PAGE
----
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Published:September 5th, 2011 12:55 EST
St. Luke's Back-To-School Event Assists Underprivileged Kids

St. Luke's Back-To-School Event Assists Underprivileged Kids

By SOP newswire2

The Child and Family Institute`s 4th Annual Back-to-School Event

Since back to school is a difficult time for many kids, a yearly Back-to-School Event at St. Luke`s-Roosevelt Hospital assists youth in this transition. This September, the Department of Psychiatry, Child and Family Institute, Outpatient Department (CFI OPD) is including a special workshop at their 4th annual Child and Family Institute`s Back-to-School Event. The workshop, presented by the Global Kid Connect Project, includes self esteem exercises, healing songs, and an exchange of dolls made by children from Haiti and Japan who survived the recent tsunami and earthquakes.

Where: St. Luke`s Hospital, Babcock Cafeteria, 419 W. 114th St. (btw Amsterdam Ave. & Morningside Dr.), NYC

When: Thursday, September 8, 2011, from 3:00 to 6:00 PM

Last month, 100 dolls were decorated by Japanese children after the recent tragic tsunami/earthquake in that country and brought to Haiti where they were given to children who survived the earthquake there. At the Back to School event, dolls made by Haiti children will be given to the New York children, who will make dolls with messages of hope to be sent back to children in Haiti and Japan.

"The circle of dolls makes the children who have gone through terrible tragedies know that children in other countries care about them. The psychological impact of this, and learning simple techniques to feel good, is healing and also fun,"says noted New York clinical psychologist, Dr. Judy Kuriansky, founder of the Global Kids Connect Project. The popular radio and TV personality, humanitarian and NGO representative at the United Nations for the International Association of Applied Psychology has done psychological first aide after 9/11 at Ground Zero and at the Family Assistance Center in NYC, as well as after Hurricane Katrina in New Orleans and worldwide after the Haiti and China earthquakes, Asian tsunami and other natural disasters.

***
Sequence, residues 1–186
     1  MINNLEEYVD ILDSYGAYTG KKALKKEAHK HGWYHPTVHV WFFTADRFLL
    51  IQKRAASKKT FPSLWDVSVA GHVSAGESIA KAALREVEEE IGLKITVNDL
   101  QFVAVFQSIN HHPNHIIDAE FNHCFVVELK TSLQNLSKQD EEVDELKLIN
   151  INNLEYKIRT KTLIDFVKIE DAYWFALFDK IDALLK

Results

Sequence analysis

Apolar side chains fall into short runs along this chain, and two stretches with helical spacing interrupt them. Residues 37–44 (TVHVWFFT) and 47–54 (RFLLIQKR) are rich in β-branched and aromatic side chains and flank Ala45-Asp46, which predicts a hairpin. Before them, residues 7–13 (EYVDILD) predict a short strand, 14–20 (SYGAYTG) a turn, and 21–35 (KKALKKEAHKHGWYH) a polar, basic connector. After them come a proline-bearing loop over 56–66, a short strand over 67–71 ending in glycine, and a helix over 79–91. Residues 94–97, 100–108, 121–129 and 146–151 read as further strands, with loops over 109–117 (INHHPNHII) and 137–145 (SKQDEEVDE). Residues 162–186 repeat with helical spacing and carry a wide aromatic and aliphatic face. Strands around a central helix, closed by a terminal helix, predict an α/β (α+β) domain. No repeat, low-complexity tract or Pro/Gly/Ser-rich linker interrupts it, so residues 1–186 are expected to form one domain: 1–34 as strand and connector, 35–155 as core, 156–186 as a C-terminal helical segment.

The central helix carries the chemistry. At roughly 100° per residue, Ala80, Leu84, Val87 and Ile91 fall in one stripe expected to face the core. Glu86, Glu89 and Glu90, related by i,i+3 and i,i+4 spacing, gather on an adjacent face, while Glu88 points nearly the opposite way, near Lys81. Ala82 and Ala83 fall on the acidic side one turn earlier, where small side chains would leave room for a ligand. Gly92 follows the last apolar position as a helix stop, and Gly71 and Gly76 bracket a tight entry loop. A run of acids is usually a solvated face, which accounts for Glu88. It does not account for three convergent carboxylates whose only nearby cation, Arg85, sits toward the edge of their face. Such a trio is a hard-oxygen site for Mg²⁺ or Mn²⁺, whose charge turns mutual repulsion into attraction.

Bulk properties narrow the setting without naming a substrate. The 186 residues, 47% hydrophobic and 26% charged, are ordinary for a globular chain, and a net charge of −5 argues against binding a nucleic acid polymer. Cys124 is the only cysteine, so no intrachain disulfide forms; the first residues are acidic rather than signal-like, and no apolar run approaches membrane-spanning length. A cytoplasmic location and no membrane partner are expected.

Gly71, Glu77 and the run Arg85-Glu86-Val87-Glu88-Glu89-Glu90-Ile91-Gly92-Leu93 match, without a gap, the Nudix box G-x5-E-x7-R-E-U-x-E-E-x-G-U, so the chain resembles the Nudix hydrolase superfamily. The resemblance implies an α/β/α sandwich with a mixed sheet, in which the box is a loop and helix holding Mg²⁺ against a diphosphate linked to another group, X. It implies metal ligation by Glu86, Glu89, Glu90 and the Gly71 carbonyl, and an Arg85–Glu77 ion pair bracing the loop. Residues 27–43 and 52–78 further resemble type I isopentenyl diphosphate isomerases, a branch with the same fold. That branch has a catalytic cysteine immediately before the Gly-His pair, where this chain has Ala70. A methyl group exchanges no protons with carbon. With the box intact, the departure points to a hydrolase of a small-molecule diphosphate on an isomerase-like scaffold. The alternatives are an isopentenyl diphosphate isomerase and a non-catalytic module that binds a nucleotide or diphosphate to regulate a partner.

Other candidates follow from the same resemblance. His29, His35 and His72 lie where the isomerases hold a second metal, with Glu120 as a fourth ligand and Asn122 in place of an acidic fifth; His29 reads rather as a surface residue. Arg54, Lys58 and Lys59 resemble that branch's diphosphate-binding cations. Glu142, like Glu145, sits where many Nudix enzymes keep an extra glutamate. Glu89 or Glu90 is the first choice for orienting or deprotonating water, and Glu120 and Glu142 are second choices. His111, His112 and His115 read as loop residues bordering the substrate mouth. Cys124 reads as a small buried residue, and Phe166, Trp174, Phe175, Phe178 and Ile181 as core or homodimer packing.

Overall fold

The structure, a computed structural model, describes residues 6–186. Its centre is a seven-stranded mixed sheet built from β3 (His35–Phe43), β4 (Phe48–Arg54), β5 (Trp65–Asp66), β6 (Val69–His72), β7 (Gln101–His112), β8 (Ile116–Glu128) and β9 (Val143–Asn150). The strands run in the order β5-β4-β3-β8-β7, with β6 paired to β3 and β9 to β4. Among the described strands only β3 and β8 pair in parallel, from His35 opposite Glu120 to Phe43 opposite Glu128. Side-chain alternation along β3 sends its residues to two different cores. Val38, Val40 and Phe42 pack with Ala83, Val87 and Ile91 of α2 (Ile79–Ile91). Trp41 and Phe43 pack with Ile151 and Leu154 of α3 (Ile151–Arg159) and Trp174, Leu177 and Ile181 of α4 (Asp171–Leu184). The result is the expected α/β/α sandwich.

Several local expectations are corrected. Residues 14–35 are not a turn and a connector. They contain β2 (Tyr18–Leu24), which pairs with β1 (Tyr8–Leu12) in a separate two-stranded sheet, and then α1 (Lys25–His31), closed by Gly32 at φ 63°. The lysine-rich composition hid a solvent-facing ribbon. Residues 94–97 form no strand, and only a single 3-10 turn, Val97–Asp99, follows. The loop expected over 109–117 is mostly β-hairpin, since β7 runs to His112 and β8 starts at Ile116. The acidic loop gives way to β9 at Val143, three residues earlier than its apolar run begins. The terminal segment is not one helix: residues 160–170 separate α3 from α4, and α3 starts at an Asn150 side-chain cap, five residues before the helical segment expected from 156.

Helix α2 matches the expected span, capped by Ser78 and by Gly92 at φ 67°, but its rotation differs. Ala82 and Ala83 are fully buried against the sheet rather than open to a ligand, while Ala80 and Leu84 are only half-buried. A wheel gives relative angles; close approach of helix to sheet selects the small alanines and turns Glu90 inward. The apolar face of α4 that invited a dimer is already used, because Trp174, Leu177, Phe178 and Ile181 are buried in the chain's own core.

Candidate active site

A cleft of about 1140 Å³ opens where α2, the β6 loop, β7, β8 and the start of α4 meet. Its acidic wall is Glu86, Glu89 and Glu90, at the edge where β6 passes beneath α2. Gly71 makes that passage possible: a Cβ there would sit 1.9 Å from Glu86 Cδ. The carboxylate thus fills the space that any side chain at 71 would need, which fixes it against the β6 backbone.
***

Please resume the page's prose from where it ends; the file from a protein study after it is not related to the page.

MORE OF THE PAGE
Including New York youth in the circle of children is significant at this time, given the upcoming 10th anniversary of September 11 when New Yorkers will all be aware of the need for healing. Many of these children are dealing with other major stressors such as family problems, poverty, poor living conditions, and family financial problems that prevent them from buying supplies school essential like notebooks and pens.

"The doll exchange is based on sound psychological principles applied in other disasters, like the teddy bears given to children after 9/11, which represent `transitional objects` and `contact comfort` symbolic of a nurturing maternal figure offering security and safety essential for children after disasters," adds Kuriansky.

At the event, an original song, "Towers of Light," written in commemoration of 9/11 to promote healing and honor the heroes of that day will be performed by the Stand Up for Peace Project ( The song has been performed yearly at 9/11 memorials in New York, as well as in Japan and around the world, including for the Dalai Lama.

Other partners for the Event include Nozomi Terao, founder and Executive Director of HappyDoll, Inc. ( and formerly of Morgan Stanley; Russell Daisey, internationally known composer and co-founder of the Stand Up for Peace Project; Father Wismick Jean Charles, a Haitian Catholic priest who preaches in Westbury, Long Island and teaches at New York`s Fordham University; and the International Association of Applied Psychology, an NGO accredited at the United Nations. Partners in Haiti are Centre Bon Samaritan and The Haitian Action for the United Nations.

The Back-to-School Event fosters excitement about education by creating a fun environment with confidence-building activities designed to teach kids that academic success is key to achieving future goals. The Department of Psychiatry CFI OPD provides therapeutic services to over 730 children and families with emotional, behavioral, family and learning issues. At last year`s Back-to-School Event, 130 children and teens participated in activities to promote school achievement, study skills and self-esteem. Refreshments and backpacks and other school supplies were donated by Staples, BJs, Whole Foods, the DiscoveryCenter and others, and a computer was raffled off.